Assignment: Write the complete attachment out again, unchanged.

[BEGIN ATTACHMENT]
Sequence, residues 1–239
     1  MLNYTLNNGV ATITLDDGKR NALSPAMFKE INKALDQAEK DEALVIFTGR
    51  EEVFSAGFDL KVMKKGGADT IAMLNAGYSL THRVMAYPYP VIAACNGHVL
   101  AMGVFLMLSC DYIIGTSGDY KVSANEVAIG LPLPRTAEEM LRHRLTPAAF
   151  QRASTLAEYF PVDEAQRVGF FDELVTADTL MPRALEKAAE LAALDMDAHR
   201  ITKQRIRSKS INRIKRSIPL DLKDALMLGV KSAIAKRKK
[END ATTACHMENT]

Sequence, residues 1–239
     1  MLNYTLNNGV ATITLDDGKR NALSPAMFKE INKALDQAEK DEALVIFTGR
    51  EEVFSAGFDL KVMKKGGADT IAMLNAGYSL THRVMAYPYP VIAACNGHVL
   101  AMGVFLMLSC DYIIGTSGDY KVSANEVAIG LPLPRTAEEM LRHRLTPAAF
   151  QRASTLAEYF PVDEAQRVGF FDELVTADTL MPRALEKAAE LAALDMDAHR
   201  ITKQRIRSKS INRIKRSIPL DLKDALMLGV KSAIAKRKK